The surest sign of spring in western Massachusetts is the appearance of buckets and tubes on trees lining our winding rural roads. Sugar season marks the end of winter’s harshest weather, as the sap begins to flow only when daytime temperatures are above freezing. From living history to delicious meals, there is a multitude of community-based ways to engage with this sweet element of our natural and cultural history, but the naturalist’s way of learning about sugar season is not to simply observe it, but to learn to become a part of it!

The specifics of sugaring are basic enough, so long as you have sufficient trees to make the time spent worthwhile – which is where the first challenge of sugaring lies! There are thousands of species of maple trees in the world, and at least 13 of these are native to the United States. Of these native to our country, at least 7 different native maple species can be found here in western MA. When leaves are in season, it’s easy enough to distinguish sugar maples from non-sugar maples. In the absence of leaves, however, sugar maples are much more difficult to spot!  Read the rest of this entry »

Nature Table for November: Deer Hunting

Nature Table for November

Every month, Hilltown Families features a new nature table whose contents inspire learning along a common theme easily spotted in our surroundings that month. A tradition carried out by teachers, environmental educators, and nature-curious families, nature tables bring a little bit of the outdoors inside for inspection, dissection, identification, creative play, art projects, and lots of other educational activities. The idea behind a nature table is to help open up children’s eyes to the unique attributes of each season, and to help them learn how to see these things in nature for themselves. A nature table can include a variety of items, and is often accompanied by a set of books and/or field guides so that children can take part in further learning at their own will.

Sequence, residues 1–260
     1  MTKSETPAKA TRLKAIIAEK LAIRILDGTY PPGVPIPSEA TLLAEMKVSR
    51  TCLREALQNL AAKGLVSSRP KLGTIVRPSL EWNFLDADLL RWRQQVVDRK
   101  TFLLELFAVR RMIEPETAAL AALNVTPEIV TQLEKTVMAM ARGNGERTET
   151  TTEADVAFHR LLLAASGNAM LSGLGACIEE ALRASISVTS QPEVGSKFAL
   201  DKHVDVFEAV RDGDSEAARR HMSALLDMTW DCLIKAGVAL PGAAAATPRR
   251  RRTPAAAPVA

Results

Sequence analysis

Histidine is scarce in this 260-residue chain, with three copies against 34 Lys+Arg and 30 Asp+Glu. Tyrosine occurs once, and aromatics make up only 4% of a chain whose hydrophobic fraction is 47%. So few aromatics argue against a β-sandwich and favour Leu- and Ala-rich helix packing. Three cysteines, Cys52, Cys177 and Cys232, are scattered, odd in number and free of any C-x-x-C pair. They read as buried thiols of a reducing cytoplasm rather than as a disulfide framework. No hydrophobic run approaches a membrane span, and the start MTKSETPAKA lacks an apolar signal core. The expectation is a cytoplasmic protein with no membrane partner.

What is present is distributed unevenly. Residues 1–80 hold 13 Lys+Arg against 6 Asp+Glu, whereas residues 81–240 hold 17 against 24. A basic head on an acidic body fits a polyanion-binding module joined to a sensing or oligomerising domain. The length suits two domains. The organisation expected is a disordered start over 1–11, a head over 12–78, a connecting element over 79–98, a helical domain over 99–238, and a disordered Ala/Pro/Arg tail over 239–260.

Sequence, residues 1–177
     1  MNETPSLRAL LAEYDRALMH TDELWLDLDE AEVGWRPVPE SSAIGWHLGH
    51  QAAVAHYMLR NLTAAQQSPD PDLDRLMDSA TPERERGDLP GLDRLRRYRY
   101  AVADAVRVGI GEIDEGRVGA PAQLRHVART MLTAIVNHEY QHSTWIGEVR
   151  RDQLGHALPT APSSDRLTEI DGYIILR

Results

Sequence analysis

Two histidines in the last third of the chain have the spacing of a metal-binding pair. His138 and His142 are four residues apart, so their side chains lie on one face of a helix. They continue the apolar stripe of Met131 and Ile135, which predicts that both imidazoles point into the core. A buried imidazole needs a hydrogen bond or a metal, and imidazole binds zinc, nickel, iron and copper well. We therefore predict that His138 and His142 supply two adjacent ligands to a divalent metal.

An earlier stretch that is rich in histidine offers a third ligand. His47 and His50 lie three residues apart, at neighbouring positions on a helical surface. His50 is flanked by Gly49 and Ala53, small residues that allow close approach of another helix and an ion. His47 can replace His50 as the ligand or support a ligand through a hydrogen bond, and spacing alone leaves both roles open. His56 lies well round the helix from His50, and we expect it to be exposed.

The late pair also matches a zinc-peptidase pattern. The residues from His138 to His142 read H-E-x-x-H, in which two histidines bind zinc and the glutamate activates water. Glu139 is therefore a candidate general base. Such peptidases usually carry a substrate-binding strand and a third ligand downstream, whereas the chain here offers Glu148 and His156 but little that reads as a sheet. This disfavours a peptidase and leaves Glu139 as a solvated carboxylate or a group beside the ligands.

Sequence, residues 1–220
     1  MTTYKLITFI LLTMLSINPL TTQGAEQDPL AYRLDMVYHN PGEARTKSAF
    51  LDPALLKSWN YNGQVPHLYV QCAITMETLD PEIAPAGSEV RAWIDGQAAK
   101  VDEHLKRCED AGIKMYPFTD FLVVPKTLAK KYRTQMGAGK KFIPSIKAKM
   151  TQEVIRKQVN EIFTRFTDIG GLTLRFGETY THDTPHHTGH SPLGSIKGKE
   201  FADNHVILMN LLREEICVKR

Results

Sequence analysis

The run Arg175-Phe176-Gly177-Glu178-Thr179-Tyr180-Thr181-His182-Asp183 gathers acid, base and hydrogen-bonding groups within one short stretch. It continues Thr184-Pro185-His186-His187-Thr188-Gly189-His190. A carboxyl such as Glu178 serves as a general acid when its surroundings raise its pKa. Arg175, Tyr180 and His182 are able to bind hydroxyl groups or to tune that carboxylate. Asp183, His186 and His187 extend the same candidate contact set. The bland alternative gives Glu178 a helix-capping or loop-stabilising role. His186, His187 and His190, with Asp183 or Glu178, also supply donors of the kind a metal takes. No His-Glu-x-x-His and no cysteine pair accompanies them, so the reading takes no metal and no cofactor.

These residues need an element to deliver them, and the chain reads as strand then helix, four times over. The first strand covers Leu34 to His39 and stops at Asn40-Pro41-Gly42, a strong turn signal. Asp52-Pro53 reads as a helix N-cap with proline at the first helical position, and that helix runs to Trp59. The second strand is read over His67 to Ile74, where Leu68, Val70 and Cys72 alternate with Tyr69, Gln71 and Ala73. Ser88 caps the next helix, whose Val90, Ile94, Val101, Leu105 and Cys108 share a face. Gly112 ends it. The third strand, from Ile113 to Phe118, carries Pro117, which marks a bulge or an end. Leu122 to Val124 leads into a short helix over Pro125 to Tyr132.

With fall’s chilly air and crisp, frosty mornings, have come changes in the ways in which local creatures interact with the landscape. Frogs and salamanders have buried themselves in blankets of thick mud, birds have started to migrate south (leaving space for their Canadian neighbors to stop by), and mammals have embarked on the final push to collect goodies to tide them over through the winter. Fall brings about a change in the ways in which humans interact with the landscape, too. Just as creatures sense the coming winter, humans also brace themselves for the changes that lie ahead. These days, we humans have most of our overwintering needs met by the marvels of modern technology which bring us ripe tomatoes in December and other unseasonable joys. Despite the ease with which we can find fresh sustenance during these modern winters, many folks still stock up for the off-season by preserving and preparing foods they’ve grown or gathered themselves. The agrarian elements of our ingrained need to stock up for winter have held out. This month, our nature table focuses on an element of the fall season that, despite its usefulness in preparing families for winter, has waned significantly in popularity over the course of the past two generations.

Deer hunting was once commonplace amongst the hills and valleys of western Massachusetts. Deer (and their elk cousins), were hunted long, long before European settlers even dreamed of coming to North America, and the seasonal hunt of deer was important in the diets of New Englanders for centuries. Read the rest of this entry »

Nature Table for August

Patterns, Perception & Preservation

This month’s nature table is written by environmental educator Phoebe Gelbard, a recent graduate of Northampton High School and a freshman at the University of Massachusetts.

This summer, whether you are swimming in a river, admiring a striking sunset, or smelling a flower, you can observe recurring shapes and patterns in the landscape around you. Change is a constant, and as each month fades into the next, previous patterns fade and new ones begin to appear. While we are all familiar with certain designs that are found in our backyards, such as the heart-shaped leaves of clover and the spiral of a snail’s shell, other patterns that involve multidimensional interconnectedness are more difficult to recognize. These patterns, known as fractals, are described as expanding or evolving symmetry because of the way that they repeat themselves when taking both a closer look and when stepping back.  Read the rest of this entry »

Nature’s Patterns Reveals Mathematical Reasoning

Nature’s Patterns Reveals Mathematical Reasoning

As you gaze into the center of a flower, did you know that you’re regarding an incredible example of mathematical reasoning? Nature’s patterns, as it happens, are deeply rooted in the Fibonacci Sequence and the Golden Ratio.